The arches of red bricks, the shape of the ceilings and their galleries, the ample interior patios decorated with plants and flowers, are a synthesis of the examples of the constructive style inherited by Spain from the Muslim Arabia, the masons that arrived to Cuba.
Its rooms hold the cabinetworks inlaid of pearl and precious woods; the practical and majestic costumes of the nomads of Sahara, the camels' riding mount of and outstanding manufacture, the confection of carpets and tapestries, and the zoco, a traditional Arabian market, which is reproduced in the museum.
In the exhibition there is also a beauty of nature: the Rose of the Desert, a rare calcareous structure in a form of a flower. It is formed in the sand when the humidity containing a high level of salt evaporates.
The Islamic weapons from the 18th and 19th centuries covered with gold and silver in a detailed ornament, are part of one of the most complete collections in the country.
There is also a small reproduction of the dhow, typical sailing ships in the Persian Gulf, which have slightly change their image in the last 500 years. The Ibn Jaldum library holds important collections concerning Arabian and Islamic topics, especially 19th century historical chronicles, essays about the Islam and text of contemporary Arabian and Islamic art.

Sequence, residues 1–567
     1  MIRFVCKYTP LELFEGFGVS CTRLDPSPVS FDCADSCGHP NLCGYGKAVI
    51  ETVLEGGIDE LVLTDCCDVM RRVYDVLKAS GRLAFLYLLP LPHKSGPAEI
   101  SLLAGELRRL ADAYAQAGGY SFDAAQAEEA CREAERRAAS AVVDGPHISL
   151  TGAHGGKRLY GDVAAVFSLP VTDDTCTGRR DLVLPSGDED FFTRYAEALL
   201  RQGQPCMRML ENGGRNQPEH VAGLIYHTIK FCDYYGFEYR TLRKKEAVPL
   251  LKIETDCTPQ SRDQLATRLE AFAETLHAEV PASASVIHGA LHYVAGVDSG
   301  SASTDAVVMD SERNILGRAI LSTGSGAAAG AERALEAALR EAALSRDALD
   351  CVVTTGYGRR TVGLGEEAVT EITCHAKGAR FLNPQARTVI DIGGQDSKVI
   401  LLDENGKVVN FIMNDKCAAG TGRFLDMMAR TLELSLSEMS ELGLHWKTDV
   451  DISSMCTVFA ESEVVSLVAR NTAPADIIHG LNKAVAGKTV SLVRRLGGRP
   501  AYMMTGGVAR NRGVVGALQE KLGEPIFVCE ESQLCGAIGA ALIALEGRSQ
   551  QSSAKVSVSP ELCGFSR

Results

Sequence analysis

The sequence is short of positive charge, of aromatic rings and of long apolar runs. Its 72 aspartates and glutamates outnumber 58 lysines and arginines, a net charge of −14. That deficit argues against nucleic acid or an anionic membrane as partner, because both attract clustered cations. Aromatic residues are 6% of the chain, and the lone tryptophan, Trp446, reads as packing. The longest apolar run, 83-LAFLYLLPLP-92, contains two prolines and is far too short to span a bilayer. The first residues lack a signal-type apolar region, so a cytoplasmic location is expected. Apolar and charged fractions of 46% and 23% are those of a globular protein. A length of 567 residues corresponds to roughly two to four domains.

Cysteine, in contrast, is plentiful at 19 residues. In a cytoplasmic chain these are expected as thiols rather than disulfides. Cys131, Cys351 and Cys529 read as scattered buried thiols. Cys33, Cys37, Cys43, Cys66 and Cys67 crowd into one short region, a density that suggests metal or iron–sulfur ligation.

The Arabian House is the only place where in the city having a Muslim worship room opened to national and foreign followers, with a collection of the Koran and other objects used in the cult.
This institution was inaugurated in November 16th, 1983 as part of a project of integral restoration led by the Office of the Historian of Havana.
Its cultural and educative program includes guided visits, exhibitions, concerts, conferences, dance shows, poets meetings, book launches, exposition of traditional costumes, tasting typical cuisine, post grade curses, and attention to the elders and children of the community.
Address: 114 Oficios Street between Obispo and Obrapía, Old Havana.
Telephone: (537) 861-5868.
Open: Tuesdays through Sundays, 9:00 - 16:30; Sundays, 9:00 - 13:00
Entrance free of charge. Visitors can make contributions in an available box.